Just last week, the Washington Post reported that our Arctic Sea ice is melting much faster than climate experts anticipated. “Sea levels could rise nearly twice as much as previously predicted by the end of this century if carbon dioxide emissions continue unabated, an outcome that could devastate coastal communities around the globe, according to new research published Wednesday.”
Last fall in Paris, the UN Conference of Parties on Climate Change reached an historic agreement on curbing green house gas emissions. But that agreement isn’t formal until nations officially ratify on April 18 in a meeting of the UN General Assembly in New York. Moreover, while a remarkable achievement for this governance body, the agreement doesn’t go nearly far enough to preserve the possibility of a livable planet.
In response, people of faith from around the world are publicly signing on to a new Interfaith Statement on Climate Change. This statement declares support for country-level ratification and implementation of the Paris agreement followed by an increase in reduction pledges and a commitment to a just transition to clean energy. It also insists that wealthy nations cooperate to meet the needs of those already-marginalized communities who are and will suffer from inevitable climate change.
The faith community is playing an increasingly important role in normalizing climate action and holding governments accountable. Recognition is growing that it is our responsibility not just to follow but to lead in the transition to a just and sustainable world, for the benefit of all. The Dharma offers a vital perspective in this growing movement. As the Dharma Teachers’ Statement on Climate Change says,
When we come together to celebrate our love for the natural world and all of the beings that inhabit it, and when we take a stand to counter the forces of craving, aversion, and delusion, we reclaim our own inner stability and strength and live closer to the truth, closer to the Dharma. Together, we can seek to ensure that our descendants and fellow species inherit a livable planet. Individually and collectively, we will be honoring the great legacy of the Dharma and fulfill our heart’s deepest wish to serve and protect all life.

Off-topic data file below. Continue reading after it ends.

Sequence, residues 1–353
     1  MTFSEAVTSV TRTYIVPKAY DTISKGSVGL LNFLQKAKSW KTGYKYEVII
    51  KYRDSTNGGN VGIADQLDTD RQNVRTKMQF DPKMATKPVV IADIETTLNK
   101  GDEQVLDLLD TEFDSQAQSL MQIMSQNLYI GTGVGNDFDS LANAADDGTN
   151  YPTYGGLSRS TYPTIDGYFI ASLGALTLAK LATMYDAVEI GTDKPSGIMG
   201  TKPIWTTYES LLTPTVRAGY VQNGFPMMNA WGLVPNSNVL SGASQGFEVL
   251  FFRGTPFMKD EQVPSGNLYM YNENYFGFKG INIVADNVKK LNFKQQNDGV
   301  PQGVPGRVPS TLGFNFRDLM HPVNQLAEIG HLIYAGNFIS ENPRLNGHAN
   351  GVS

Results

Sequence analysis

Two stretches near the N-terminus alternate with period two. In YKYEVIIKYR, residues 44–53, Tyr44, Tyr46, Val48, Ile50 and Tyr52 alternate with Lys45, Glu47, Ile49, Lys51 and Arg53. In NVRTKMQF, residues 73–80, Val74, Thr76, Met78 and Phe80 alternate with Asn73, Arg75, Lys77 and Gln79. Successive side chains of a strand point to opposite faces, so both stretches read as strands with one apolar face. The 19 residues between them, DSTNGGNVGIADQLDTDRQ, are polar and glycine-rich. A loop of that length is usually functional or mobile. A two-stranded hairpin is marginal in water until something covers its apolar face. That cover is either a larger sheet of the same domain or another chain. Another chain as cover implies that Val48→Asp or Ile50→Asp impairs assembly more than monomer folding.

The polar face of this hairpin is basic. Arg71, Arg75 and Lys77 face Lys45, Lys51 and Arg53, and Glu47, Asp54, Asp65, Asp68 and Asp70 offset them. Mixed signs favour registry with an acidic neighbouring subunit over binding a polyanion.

With representatives from Plum Village, SGI, Shambhala, and other members of the Global Buddhist Climate Change Collective, One Earth Sangha is proud to have contributed to the support of this statement. We invite you now to sign this and share it widely, not just within your mindfulness and Buddhist networks but with all those who resonate with the need to act on climate as a matter of moral responsibility.
Six Key Points from the Interfaith Climate Change Statement:
- Urge governments to rapidly sign, ratify and implement the Paris Agreement, and to increase pledges to reduce emissions in line with keeping the global temperature rise to 1.5C above pre-industrial levels;
- Insist on rapid emissions reduction and peaking by 2020, in order to keep the 1.5C goal within reach;
- Strongly advocate for greater flows of finance, especially for adaptation and loss and damage;
- Urge the swift phase out of all fossil fuel subsidies and a transition to 100% renewable energy by 2050;
- Encourage faith communities to reduce emissions in their homes, workplaces and centres of worship and to support and stand in solidarity with communities already impacted by climate change; and
- Call for fossil fuel divestment and reinvestment in renewables and low carbon solutions, including within our own communities, and/or by engaging companies on climate change.
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